Before HIV combo therapy became available in the mid-’90s, the CDC focused on medical treatment of positive people, paying little attention to their sexual relationships and struggles with preventing transmission. In 2001, with positive people living longer and being more sexually active, the CDC turned to prevention strategies. Wolitski says P4P evolved from community programs around the country—weekend retreats in Atlanta, support groups in San Francisco and others—that were helping newly diagnosed people in precisely the ways P4P is doing now.

Forty-eight-year-old Tony Mills, MD, remembers when HIV prevention was directed mostly at negative people. Posters touting safe sex were plastered on nightclub walls and condoms placed in toilet stalls—and HIV-negative people were the ones urged to use them. “Then,” he says, “the CDC [developed] the perspective that maybe we should be targeting people who are positive, getting them to take responsibility and have safe sex.”

Mills, who is HIV positive and served on the board of the American Academy of HIV Medicine, helped produce a variety of P4P tools, including a video to teach health care providers how to talk to their HIV-positive clients about safe sex and disclosure.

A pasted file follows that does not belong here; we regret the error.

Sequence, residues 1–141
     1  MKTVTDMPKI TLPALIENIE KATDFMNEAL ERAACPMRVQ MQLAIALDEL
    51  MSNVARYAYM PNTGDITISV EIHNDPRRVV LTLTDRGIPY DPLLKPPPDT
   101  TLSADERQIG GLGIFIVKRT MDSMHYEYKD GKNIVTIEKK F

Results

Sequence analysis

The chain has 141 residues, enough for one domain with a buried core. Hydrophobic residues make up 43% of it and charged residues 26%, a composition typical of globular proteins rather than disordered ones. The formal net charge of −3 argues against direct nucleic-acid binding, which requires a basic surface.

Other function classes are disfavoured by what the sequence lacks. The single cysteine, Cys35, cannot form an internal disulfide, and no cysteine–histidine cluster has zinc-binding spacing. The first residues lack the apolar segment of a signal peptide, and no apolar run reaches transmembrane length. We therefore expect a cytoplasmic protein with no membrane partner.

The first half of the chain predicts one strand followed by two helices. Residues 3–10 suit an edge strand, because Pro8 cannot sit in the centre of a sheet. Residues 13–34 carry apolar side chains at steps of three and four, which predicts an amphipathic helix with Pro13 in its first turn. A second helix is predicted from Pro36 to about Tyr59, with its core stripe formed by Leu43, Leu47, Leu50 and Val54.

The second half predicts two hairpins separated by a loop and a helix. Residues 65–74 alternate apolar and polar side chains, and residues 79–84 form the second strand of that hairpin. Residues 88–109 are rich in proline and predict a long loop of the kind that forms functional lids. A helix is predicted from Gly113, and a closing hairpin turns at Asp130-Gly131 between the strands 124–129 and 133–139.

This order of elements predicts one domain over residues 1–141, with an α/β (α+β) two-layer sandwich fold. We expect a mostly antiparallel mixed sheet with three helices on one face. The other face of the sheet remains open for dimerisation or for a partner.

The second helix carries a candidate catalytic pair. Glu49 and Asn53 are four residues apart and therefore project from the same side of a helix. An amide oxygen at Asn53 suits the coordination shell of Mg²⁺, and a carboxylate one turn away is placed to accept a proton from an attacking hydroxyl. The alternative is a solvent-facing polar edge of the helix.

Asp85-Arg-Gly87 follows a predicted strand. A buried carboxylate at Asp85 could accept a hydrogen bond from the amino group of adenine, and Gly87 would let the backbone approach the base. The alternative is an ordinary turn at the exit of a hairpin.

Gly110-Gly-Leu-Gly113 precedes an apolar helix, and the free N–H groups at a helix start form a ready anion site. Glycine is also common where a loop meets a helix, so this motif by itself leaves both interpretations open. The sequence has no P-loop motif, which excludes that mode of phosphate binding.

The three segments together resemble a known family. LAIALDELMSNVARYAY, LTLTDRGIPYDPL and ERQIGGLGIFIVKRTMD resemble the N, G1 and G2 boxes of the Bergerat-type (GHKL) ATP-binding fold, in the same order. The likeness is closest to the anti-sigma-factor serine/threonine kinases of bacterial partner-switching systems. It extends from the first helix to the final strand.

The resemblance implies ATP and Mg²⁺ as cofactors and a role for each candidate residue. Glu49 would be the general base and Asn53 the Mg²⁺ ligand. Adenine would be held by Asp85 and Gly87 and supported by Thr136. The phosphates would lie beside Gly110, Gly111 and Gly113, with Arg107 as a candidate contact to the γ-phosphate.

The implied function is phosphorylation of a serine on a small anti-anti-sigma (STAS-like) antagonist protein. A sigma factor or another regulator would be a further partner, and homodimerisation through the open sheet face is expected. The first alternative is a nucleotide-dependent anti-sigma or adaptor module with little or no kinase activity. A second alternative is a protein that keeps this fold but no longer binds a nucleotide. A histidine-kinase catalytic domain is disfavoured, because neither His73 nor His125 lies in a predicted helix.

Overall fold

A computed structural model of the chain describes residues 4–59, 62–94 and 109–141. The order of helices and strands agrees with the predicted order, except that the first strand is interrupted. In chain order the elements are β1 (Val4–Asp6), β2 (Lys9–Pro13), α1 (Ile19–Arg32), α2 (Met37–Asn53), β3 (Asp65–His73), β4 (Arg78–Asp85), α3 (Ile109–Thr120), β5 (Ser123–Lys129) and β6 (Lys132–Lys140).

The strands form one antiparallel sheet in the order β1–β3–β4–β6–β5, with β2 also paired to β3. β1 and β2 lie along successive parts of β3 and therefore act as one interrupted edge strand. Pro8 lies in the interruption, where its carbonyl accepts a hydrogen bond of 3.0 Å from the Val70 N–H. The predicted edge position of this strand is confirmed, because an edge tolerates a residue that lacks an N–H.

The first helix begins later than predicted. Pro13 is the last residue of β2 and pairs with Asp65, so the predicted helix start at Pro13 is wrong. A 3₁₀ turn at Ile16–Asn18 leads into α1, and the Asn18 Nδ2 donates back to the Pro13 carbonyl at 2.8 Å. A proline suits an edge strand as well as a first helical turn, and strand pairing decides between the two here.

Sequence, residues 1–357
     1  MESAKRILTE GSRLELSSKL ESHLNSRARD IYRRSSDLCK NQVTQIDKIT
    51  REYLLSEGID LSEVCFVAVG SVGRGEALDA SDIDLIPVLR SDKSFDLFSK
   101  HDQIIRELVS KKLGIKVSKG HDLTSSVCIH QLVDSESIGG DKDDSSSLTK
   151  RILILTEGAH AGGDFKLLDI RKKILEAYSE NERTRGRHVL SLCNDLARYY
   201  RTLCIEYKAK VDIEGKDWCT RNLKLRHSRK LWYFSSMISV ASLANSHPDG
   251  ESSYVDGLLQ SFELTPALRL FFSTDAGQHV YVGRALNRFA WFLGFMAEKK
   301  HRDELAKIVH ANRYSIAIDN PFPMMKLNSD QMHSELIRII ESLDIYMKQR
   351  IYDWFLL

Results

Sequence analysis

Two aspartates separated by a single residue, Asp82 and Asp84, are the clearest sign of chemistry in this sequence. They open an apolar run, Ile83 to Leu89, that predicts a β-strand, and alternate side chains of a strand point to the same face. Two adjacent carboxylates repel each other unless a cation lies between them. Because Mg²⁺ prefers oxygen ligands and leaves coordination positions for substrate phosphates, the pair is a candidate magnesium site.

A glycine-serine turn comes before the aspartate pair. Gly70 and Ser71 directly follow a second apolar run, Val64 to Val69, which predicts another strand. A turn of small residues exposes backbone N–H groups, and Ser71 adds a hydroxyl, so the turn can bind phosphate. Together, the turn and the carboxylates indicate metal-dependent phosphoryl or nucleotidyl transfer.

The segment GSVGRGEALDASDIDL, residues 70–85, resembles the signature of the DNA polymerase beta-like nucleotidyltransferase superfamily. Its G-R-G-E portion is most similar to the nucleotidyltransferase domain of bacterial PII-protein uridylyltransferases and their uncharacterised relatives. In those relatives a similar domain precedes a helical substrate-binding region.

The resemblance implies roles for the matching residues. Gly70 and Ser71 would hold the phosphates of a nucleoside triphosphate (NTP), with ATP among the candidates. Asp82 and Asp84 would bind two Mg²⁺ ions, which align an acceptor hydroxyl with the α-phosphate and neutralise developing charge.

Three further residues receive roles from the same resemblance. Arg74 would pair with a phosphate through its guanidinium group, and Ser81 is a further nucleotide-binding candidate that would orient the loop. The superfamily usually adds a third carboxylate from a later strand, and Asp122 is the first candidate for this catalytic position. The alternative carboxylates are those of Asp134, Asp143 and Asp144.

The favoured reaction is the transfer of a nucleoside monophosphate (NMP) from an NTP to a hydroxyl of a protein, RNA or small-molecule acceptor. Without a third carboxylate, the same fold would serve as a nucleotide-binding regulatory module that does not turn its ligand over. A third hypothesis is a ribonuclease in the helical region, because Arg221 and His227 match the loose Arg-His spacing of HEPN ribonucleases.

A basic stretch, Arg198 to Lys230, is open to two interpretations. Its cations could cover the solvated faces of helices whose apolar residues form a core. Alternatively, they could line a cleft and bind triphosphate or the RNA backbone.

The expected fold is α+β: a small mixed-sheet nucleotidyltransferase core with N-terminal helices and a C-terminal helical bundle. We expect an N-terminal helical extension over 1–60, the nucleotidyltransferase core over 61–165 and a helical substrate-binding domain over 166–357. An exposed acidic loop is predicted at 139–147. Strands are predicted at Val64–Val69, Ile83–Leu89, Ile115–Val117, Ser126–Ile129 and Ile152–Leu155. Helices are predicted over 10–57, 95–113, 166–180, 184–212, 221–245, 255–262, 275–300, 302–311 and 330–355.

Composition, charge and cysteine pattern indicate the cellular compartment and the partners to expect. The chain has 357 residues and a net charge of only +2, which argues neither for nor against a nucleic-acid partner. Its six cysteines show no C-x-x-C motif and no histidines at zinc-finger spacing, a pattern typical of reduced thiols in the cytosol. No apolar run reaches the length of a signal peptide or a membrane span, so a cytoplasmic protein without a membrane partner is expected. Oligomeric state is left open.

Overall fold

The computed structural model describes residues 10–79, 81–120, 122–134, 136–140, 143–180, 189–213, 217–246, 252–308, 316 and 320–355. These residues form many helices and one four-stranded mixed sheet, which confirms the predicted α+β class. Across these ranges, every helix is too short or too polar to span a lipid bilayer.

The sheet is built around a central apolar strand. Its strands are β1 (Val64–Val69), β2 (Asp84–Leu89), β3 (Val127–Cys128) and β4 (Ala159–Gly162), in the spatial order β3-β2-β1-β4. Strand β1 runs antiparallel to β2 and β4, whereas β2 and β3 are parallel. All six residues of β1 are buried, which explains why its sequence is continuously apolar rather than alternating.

Mills discounts the notion that P4P encourages doctors to pry into their patients’ sex lives and wag fingers at them. When he sees new HIV patients, Mills says, “I take cues from them, playing off what they tell me about themselves, and parlay that into a discussion rather than a lecture. I focus on trying to get my patients to be as healthy as possible, not [on pressuring them] about protecting society, which could certainly raise people’s hackles.”

Mahon says his doctor has never asked him about safer-sex practices, but he would view such a discussion simply as part of the doctor’s job in helping keep him healthy. Stanford agrees that it is “what a good doctor should do, but I don’t think they should nag or bang someone over the head.”

But Klein, who has been positive for at least 20 years, feels different. “My doctor has never given me that kind of lecture, and it’s a good thing, because I’d jump down his throa t. It might be part of a doctor’s job to disseminate information about HIV transmission, but they shouldn’t be telling patients what degree of risk is acceptable. That’s something each person needs to decide for him or herself.”

Mills hasn’t received a negative response to his safe-sex discussions—perhaps partly because he is openly gay and HIV positive. “I try to create an environment where people can be open. Sometimes on the first visit they tell me things that they have never talked about before—sometimes more than I want to hear,” Mills laughs. “But that’s fine because if they’re ever in a crisis—whether it’s unsafe sexual practices, drug use, the possibility of reinfection or superinfection—they know I won’t judge them.”

And yet, Klein stresses, focusing too much effort on positive people could misdirect our limited prevention efforts and funding. After all, in which scenario is a negative person more at risk for HIV: having safe sex with a positive person, or having unsafe sex with someone who says he’s negative but hasn’t actually been tested?